A leading children's hospital has taken safety shortcuts in its operating theatres which has "created high risk activity", according to a report.
An internal review into Alder Hey Children's NHS Foundation Trust concluded that staff believe senior managers are aware of poor working conditions "and condone it".
The review has been leaked to Channel 4 News and comes more than a decade after the same trust was involved in a scandal over the retention of hearts and organs from hundreds of children.
The organs were stripped without permission from babies who died at the hospital between 1988 and 1996.
The latest review of operating theatres - by one of the trust's own directors - said "the level of risk is such that urgent action needs to be implemented to avoid an adverse outcome or serious incident", according to Channel 4 News.
The programme said the review was ordered following ongoing concerns over the operating theatre department.
It said the review was prepared by the director of nursing Gill Core, who sits on the trust's board, and was presented to the board in December.
Under the heading "safety concerns", the review says safety shortcuts "have created high risk activity", there is "limited reporting of incidents" - that is, near-misses and mistakes - and there is a belief that "the senior management and the board are aware of the working conditions and condone it".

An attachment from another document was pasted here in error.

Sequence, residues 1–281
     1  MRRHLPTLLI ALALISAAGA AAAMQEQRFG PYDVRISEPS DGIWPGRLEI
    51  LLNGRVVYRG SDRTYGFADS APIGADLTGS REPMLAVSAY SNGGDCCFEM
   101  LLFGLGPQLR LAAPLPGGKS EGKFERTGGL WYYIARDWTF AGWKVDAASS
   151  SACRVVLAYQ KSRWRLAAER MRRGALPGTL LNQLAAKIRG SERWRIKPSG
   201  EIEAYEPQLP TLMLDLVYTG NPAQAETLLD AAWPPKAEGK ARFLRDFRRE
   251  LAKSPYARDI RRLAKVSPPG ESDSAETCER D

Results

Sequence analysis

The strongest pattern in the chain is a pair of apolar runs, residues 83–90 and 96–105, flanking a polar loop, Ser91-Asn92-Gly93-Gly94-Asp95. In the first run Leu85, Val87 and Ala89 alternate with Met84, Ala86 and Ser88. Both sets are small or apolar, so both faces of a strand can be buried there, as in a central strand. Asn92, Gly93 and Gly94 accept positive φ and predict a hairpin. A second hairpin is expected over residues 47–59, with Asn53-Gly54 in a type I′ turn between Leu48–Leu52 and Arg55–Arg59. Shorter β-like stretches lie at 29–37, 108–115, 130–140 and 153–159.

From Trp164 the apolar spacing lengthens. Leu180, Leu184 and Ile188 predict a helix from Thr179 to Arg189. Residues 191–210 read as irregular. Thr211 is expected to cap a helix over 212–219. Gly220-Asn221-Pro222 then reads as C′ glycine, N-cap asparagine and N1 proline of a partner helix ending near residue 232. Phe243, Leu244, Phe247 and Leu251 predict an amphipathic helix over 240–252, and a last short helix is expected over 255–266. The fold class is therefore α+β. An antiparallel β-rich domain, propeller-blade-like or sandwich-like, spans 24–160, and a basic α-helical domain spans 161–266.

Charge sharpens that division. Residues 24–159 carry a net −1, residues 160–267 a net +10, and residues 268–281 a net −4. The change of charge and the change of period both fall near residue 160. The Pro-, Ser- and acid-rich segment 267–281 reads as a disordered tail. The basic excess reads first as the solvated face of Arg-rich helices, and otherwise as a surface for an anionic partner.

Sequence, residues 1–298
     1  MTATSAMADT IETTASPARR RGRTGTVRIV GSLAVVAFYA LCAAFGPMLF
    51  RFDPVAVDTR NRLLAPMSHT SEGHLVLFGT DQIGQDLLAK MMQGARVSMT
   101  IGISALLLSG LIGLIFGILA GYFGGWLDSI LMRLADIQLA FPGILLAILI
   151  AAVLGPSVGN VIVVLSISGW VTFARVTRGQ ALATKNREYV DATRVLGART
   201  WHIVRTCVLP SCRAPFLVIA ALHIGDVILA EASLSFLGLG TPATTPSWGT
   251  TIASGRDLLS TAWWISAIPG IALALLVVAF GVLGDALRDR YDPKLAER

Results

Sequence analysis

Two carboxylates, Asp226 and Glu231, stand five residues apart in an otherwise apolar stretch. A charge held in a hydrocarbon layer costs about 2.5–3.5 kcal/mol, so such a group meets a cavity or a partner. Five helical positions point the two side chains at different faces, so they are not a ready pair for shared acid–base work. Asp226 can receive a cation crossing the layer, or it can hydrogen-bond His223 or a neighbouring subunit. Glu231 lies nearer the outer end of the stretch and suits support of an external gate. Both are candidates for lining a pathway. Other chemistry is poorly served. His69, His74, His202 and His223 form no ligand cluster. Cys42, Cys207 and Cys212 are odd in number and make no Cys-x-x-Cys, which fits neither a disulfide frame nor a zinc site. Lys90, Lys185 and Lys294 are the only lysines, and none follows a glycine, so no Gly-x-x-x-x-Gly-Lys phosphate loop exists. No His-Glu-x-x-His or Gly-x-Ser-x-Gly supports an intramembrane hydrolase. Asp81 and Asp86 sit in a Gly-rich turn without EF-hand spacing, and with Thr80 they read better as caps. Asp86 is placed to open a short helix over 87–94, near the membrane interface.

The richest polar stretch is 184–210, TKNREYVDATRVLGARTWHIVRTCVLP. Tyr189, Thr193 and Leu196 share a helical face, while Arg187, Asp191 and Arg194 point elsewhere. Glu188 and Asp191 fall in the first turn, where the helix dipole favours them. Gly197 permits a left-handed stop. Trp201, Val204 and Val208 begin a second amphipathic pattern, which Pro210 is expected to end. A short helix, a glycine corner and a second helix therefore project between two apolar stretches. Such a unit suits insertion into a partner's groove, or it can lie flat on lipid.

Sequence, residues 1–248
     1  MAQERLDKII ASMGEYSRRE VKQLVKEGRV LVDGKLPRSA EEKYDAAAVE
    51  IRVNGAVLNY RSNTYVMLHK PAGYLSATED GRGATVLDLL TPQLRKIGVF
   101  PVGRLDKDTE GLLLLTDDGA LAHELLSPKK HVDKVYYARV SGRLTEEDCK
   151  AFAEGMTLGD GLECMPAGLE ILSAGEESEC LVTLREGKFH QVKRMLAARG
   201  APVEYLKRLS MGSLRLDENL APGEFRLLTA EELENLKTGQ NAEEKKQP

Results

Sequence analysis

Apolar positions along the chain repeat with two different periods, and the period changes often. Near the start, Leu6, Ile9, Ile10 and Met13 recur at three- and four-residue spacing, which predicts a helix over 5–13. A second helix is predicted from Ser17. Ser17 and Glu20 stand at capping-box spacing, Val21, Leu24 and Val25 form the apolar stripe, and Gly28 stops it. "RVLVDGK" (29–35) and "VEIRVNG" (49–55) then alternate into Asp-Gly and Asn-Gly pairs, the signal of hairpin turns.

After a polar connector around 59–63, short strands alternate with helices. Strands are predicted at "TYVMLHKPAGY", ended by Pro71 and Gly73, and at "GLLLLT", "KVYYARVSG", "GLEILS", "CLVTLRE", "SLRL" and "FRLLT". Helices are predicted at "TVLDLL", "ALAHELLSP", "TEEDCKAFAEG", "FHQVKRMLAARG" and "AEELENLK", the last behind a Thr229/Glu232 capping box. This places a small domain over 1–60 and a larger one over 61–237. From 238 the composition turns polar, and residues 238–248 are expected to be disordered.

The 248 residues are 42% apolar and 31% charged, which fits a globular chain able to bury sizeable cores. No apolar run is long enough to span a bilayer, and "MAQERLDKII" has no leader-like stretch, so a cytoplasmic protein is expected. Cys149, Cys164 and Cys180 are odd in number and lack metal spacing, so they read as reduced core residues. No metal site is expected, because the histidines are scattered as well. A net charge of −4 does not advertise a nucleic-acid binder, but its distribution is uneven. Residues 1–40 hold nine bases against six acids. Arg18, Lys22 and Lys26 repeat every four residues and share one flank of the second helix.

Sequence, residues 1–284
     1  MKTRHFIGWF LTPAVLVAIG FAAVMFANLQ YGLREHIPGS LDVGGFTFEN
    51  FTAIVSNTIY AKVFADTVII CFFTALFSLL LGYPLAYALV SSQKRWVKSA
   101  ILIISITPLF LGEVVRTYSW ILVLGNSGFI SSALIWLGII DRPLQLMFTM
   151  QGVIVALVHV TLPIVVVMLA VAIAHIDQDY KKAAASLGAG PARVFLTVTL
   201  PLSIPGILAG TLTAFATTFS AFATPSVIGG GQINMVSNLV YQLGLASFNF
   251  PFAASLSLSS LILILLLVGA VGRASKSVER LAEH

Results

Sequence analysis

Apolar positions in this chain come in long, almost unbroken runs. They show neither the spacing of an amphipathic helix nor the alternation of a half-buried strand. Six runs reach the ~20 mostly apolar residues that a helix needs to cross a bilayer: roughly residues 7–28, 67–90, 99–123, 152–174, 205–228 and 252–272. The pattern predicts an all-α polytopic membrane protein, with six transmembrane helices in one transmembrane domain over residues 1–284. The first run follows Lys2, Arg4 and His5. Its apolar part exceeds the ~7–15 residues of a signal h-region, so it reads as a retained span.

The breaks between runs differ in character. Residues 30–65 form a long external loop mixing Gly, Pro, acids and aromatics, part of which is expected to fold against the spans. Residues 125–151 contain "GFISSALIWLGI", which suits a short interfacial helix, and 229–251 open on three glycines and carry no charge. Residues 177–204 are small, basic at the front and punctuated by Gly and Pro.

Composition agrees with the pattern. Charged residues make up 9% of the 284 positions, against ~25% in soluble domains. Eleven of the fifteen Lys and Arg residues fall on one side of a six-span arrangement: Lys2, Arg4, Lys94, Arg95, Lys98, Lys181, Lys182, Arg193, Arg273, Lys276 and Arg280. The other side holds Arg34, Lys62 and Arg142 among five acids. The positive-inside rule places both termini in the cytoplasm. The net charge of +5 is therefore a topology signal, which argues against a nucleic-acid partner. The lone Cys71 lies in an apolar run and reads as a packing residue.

The report goes on: "Some individuals have reported that the 'working environment is hostile' and there are numerous examples of staff feeling pressurised to undertake activities that they do not believe are safe."
It adds that the "perception of mistrust of management and the board is such that there is a widespread feeling of hopelessness that change will ever be achieved".
The report said the units are "not welcoming or child friendly". It said that for a children's hospital "there is a total absence of toys".
Even the scrubs suits used in the operating theatres are described as "shabby and mismatched".
The report does praise staff, saying: "It is immediately apparent that responses from theatre staff have centred on a desire to deliver the best possible service and the highest standard of care to patients."
But the review also says: "Staff have adopted some high risk practices in order to avoid cancellations; whilst safe outcomes have been maintained, the level of risk is such that urgent action needs to be implemented to avoid an adverse outcome or serious incident."
The regulator the Care Quality Commission (CQC) made an unannounced inspection in December after being directly approached by theatre staff.
A statement from the CQC said: "Concerns were raised with us and we carried out an inspection at Alder Hey Children's NHS Foundation Trust in December. The findings will be published soon."
In a statement to Channel 4, the trust said: "We acknowledge that there have been difficulties within the theatre team at Alder Hey for some time. Over the past year we have undertaken a range of measures to address these and make changes within the department.
"We recognise that changes to the culture of the department may take time and therefore we have made a long-term commitment to supporting the team."